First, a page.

In many different fields, one of the biggest ways that startup companies are looking to make an impact is by finding new ways to use AI and machine learning tools.
Machine learning is a particularly interesting development for many companies. An artificial intelligence-based tool, machine learning gives different systems a way to learn and improve their performance without having to be specifically programmed. It is generally focused on creating computer programs that can access relevant data and learn how to use it to improve themselves. This can help significantly with processing data—particularly large amounts—at much faster speeds than human beings can.
One company, Slingshot Aerospace, is leveraging AI and machine learning solutions to tap into one of the largest untapped data sets in the world: surveillance data from outer space.
Founders and Mission
Launched in 2016, Slingshot Aerospace is an advanced analytics company that is trying to help companies and defense contractors analyze available data faster and utilize it more effectively to make quick decisions, particularly in combat situations.
Co-founded by so-called “serial entrepreneur” David Godwin (CEO), along with former Air Force officers Thomas Ashman (chief product officer) and Melanie Stricklan (chief strategy officer), Slingshot Aerospace is rapidly becoming a leading voice in AI-driven space tech solutions across many different spheres.
The data solutions created by the company can be used for various commercial and defense applications and even disaster response, helping to speed up the time that currently exists between collecting relevant data and interpreting and using that information to make critical decisions.
What Is the Data Problem?
Much like the problems we’ve seen in the healthcare sector, defense companies and others that use satellite images and surveillance data are running into a problem of too much data with too few people around to help interpret it. This leaves a vast and largely untapped wealth of information.
In recent years, there has been a huge increase in the number of drones, satellites, and other sensors both sending information out into space and back down to the Earth. While serving as an officer in the United States Air Force, co-founder Stricklan noted that the US government was collecting more data from satellite images and live video feeds in one day than the NFL has in its complete archives.
The resulting data is largely checked manually for relevant information, but Slingshot Aerospace aims to make this process much more efficient by leveraging machine learning and AI to search through the data and compile relevant information with better speed and accuracy.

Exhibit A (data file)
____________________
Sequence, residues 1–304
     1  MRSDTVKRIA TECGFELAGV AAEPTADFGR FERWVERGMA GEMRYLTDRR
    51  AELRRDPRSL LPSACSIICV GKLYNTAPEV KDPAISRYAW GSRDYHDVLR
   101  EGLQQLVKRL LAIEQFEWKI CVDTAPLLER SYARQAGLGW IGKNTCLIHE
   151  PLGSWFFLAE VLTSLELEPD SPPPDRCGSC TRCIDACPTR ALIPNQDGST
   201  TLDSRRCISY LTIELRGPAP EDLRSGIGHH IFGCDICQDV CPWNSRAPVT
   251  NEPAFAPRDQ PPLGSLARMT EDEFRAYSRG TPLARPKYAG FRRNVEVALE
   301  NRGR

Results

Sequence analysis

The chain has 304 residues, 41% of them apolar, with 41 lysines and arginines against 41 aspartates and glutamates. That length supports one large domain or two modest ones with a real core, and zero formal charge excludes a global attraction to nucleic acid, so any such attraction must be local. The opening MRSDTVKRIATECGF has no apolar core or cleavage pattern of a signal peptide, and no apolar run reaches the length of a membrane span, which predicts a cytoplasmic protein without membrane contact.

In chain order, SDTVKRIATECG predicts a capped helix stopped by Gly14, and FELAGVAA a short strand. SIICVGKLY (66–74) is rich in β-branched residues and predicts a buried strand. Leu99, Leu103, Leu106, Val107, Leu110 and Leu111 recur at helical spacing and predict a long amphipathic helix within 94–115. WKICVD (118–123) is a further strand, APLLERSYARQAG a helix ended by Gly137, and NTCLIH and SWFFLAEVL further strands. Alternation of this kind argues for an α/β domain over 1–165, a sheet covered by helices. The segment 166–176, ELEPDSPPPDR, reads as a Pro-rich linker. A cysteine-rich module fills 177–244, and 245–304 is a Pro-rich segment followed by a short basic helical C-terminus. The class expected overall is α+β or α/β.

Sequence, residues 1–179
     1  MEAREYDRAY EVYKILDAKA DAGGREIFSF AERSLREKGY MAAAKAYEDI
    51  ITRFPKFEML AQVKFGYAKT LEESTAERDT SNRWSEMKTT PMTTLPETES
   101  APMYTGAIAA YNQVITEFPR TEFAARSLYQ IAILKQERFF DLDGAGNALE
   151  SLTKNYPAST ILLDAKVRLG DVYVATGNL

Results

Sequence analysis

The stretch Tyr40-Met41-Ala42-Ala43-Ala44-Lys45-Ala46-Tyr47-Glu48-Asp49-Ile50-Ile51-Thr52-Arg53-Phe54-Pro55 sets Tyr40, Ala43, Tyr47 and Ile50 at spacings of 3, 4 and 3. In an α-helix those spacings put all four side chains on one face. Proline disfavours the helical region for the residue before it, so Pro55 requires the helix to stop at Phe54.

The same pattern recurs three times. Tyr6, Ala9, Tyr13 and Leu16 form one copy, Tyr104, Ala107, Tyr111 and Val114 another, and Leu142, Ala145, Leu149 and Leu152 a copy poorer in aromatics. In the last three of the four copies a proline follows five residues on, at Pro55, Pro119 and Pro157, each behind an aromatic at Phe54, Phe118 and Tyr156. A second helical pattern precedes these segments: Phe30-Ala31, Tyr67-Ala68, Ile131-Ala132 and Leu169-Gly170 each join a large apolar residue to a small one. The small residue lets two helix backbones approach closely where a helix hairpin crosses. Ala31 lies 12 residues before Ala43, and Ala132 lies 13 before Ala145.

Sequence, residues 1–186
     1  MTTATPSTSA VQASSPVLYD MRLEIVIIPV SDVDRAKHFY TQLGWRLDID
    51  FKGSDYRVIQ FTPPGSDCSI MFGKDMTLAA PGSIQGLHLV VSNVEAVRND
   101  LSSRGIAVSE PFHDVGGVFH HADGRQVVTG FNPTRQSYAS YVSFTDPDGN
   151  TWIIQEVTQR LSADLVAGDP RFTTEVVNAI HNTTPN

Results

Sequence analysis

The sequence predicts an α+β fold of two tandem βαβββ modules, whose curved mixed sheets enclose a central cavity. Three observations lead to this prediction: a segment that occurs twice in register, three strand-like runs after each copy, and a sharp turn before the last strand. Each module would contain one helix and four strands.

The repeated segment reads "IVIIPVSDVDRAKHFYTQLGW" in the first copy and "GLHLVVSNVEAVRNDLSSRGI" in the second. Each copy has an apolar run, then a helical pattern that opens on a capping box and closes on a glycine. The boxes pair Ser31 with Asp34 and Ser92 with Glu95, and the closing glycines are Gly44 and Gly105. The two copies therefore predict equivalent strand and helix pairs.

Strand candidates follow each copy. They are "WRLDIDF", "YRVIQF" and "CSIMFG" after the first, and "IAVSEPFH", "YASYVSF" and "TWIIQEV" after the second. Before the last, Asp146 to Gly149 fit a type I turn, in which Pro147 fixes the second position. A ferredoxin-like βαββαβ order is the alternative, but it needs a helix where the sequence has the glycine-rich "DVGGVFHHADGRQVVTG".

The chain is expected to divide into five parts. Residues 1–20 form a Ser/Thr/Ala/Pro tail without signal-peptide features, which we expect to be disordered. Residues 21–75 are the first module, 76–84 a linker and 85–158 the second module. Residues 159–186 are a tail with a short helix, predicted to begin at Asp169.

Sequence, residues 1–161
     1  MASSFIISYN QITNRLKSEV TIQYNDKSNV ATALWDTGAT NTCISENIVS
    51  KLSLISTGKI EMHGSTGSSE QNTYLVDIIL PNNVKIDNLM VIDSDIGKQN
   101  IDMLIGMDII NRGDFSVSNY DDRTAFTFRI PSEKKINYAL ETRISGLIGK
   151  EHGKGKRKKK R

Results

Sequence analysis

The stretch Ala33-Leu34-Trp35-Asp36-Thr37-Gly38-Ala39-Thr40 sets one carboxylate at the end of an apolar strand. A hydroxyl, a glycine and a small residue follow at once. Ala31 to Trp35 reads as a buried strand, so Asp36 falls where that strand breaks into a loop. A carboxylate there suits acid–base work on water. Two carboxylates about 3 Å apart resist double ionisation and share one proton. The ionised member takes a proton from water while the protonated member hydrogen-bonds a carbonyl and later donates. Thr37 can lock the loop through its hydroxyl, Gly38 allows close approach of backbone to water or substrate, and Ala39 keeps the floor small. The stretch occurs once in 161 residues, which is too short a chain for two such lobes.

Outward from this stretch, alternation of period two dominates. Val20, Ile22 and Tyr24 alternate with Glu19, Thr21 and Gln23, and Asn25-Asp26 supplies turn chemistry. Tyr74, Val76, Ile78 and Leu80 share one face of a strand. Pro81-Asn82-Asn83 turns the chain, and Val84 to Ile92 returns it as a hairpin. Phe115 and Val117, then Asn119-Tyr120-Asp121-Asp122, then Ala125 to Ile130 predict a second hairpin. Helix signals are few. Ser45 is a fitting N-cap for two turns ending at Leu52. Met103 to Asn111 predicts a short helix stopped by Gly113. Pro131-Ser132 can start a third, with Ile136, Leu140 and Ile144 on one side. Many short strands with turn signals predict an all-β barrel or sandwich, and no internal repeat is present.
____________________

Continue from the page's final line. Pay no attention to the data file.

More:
Slingshot Aerospace currently offers companies a few different solutions to choose from.
Orbital Atlas is a space situational awareness platform that provides information on every object in space orbiting the Earth. It can also be used as a predictive modeling engine, applying machine learning to information obtained through space observation and other data such as weather patterns. Just last year, the Air Force Space and Missile Systems Center awarded Slingshot Aerospace a two-year, $6 million contract to take the company’s Orbital Atlas solution and customize its offerings for potential military use.
The decision to use a commercial solution for space control comes on the heels of many years of work on the Joint Space Operations Center Mission System Increment 2, which has experienced numerous setbacks and other developmental problems. With the increase of machine learning solutions being developed by companies in the private sector, the military is now ready to try these tools to better understand what might be coming next in this arena.
Slingshot Aerospace also offers Earth Portal, a geospatial visualization portal, and N2X, an edge-AI framework that can be used for spacecraft and drones. In addition to its work with the United States Air Force, Slingshot Aerospace is also working with Boeing, NASA, and BAE Systems.
The company has received seed funding from a number of investment firms, including Sway Ventures, Stage Venture Partners, Okapi Capital, and ATX Venture Partners, among many other sources.
Space Tech on the Rise
Last year, companies involved in space tech saw a significant increase in funding, showing that there is a great deal of interest in these space solutions. Though we might not be headed to Mars anytime soon, important AI and machine learning solutions, like those created by Slingshot Aerospace, offer a huge opportunity to apply all of this data to orbital and geospatial exploration.
These insights are hugely important, not just for defense, but also in terms of disaster relief and other types of commercial applications. Machine learning solutions help free people up to focus on more important work, allowing the computer programs and AI solutions to deal with the grunt work of organizing and identifying relevant data. With that solved, humans can focus on making important critical decisions much faster than before.